Racial slur causes protest against Pompano Beach restaurant
By China Boynton
Pompano Beach residents are taking a stand and protesting the Snappers Restaurant located at 600 N.W. Third St. in Pompano Beach in the heart of the Black community, for the fourth straight day, allegedly because the owner’s son called a business owner in Pompano, the Nword.
“I did not expect this to turn out so big. I started this by myself with just one sign and a bull horn because I was called the N-word”, said Arthur Forest, owner of Faith Construction Corporation in Pompano.
Now protesters, numbering up to 25 at times, have urged the community to stop eating there and have taken to the streets with signs and hand-outs.
This all started on Friday when Pompano Beach resident and owner of Faith Construction, Forest was working on the empty lot next to Snappers clearing growth and debris from a burned out shed when a verbal altercation ensued between Forest and the owner of the restaurant’s son, Ali Juma.
The verbal disagreement escalated when it was alleged by Forest that Juma called him the “N ” word after Ali approached Forest in a threatening manner and Forest pushed him back.
According to Forest this was not the first time that there was some mixed feelings shared between Snappers’ owner and his workers.
The first incident happened when we left some dirt in the drive-way of Snappers. Mr. Juma talked in a very negative way to one of my workers. My worker chose some choice words to use because Mr. Juma was negative towards him. We did remove the dirt”.
The second incident and what help to stir the caldron after some trash was put into the restaurant’s dumpster, but later removed.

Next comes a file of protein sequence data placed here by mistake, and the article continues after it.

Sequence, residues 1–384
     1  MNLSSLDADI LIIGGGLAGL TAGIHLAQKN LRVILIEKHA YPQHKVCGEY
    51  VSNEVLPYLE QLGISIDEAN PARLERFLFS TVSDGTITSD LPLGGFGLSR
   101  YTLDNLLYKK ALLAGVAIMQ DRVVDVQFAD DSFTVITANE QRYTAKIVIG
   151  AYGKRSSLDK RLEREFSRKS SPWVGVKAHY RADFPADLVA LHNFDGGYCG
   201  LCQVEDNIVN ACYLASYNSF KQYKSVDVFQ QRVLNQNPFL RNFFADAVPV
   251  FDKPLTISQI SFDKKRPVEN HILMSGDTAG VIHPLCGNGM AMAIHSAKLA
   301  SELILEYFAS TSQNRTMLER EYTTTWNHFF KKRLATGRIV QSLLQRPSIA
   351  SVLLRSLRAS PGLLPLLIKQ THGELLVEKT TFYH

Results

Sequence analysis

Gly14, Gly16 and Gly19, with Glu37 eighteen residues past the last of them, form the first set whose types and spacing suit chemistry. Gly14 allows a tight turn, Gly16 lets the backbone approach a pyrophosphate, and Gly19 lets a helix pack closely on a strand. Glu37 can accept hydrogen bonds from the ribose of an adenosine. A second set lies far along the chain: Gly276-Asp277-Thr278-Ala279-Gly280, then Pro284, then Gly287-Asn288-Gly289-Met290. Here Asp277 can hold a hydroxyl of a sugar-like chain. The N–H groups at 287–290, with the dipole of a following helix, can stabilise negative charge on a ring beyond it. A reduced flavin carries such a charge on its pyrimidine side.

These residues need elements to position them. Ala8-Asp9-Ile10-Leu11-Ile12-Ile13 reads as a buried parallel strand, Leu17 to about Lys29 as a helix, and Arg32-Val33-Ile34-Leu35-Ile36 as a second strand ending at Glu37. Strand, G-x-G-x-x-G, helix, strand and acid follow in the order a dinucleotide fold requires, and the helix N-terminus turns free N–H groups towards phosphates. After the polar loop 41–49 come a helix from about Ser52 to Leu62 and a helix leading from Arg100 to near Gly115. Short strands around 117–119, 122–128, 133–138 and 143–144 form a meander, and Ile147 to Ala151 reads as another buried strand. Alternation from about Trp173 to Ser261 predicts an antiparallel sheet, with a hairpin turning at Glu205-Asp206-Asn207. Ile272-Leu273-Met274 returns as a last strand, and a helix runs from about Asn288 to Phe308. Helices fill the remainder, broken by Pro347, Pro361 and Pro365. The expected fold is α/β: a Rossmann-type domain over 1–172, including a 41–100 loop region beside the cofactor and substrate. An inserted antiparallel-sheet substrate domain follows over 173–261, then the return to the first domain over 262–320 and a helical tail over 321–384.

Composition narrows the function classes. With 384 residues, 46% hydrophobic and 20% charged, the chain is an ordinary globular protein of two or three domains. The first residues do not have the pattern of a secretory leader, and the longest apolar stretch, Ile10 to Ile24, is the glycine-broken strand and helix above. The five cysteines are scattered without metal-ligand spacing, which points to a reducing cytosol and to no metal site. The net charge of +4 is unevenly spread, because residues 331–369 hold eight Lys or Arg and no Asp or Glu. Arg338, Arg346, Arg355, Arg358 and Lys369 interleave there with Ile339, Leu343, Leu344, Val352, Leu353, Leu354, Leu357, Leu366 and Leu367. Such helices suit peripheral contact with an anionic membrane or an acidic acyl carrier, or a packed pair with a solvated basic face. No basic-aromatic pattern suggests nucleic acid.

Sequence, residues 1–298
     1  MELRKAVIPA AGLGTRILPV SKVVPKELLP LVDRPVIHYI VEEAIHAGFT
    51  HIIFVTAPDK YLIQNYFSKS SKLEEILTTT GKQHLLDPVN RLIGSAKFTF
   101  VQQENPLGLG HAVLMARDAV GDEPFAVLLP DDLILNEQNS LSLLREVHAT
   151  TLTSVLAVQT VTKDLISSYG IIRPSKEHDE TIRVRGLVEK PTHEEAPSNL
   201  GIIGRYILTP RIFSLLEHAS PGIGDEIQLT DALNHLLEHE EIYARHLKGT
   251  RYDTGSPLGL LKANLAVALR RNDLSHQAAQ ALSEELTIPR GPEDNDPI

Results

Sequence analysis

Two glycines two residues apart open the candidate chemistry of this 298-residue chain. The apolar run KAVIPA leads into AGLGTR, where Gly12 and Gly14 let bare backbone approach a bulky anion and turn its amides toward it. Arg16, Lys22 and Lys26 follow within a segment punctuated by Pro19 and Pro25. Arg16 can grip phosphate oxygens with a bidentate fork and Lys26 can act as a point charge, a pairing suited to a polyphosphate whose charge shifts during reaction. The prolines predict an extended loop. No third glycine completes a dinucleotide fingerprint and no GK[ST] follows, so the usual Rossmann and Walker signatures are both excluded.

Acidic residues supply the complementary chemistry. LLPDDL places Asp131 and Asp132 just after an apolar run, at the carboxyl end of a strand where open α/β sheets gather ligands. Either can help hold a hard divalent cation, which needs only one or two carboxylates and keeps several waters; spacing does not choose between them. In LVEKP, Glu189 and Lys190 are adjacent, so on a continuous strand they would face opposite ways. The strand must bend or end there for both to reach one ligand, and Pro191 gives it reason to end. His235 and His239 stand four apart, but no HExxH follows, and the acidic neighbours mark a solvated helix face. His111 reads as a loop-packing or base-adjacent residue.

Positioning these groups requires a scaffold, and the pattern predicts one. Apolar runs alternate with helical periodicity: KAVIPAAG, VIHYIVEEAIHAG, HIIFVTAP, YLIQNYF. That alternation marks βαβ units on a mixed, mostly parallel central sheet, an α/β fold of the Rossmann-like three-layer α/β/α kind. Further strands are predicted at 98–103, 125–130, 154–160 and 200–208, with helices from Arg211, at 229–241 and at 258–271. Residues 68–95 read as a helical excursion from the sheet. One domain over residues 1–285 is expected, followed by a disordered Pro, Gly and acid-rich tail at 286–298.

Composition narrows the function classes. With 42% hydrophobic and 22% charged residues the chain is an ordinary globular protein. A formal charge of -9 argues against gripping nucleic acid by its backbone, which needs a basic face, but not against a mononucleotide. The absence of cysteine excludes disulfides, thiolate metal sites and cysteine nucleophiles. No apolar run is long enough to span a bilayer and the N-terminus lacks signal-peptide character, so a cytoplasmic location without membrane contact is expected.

Things got even worse when Juma called the police alleging that Forest was threatening him with a weapon and as a result Forest was led away in handcuffs but not arrested.
Foster admitted that his worker had put trash in the dumpster owned by Snappers, but had taken it out when asked.
“ I made a sign and I came out here on Saturday by myself,” said Forest. “When people started hearing about what happened by Sunday I had at least 20 people out here with me.”
Ali Juma has yet to make a statement in the matter but the owner of Snappers , Khair Juma in an interview with this re-porter denied he used the “ N “ word and said, “It wasn’t me it was my son”.
“I’ve been running small businesses in this community for 20 years and Ive been running Snappers for 5 years,” said the father Juma. “I apologize If anyone was hurt and I will be more than willing to sit down with Mr. Forest and work this whole situation out.”
“I am a decent person I have children, all I could think of was my children seeing me in hand cuffs because I was standing up for what I thought was right”.
Despite the fact that the owner of Snapper’s claims that he wants to mediate the situation, most of the protesters feel that it isn’t genuine.
“They weren’t sincere be-cause the only reason why they want to hold a mediation is to shut us up,” said protester Vi-cente Thrower.“ They don’t care about our community and we now know that they’ve decided to show their true colors.”
This protest is about more than just racial slurs, it’s also about the Black community supporting Black owned businesses.
“ I don’t like the fact that we have dozens stores in our com-munity and all of them are ran by Arabs, “ said protester Veronica Thomas. “ I think we should give more to our community and to our people.”
When Foster was asked what he wanted to see happen, he said, “We need business people who respect our communities and give back. We don’t need people like some of them who disrespect us. I wanna see them cut of the lights, unplug the refrigerators, put the kool aid on the back of the trucks and get out of town”.
Be the first to comment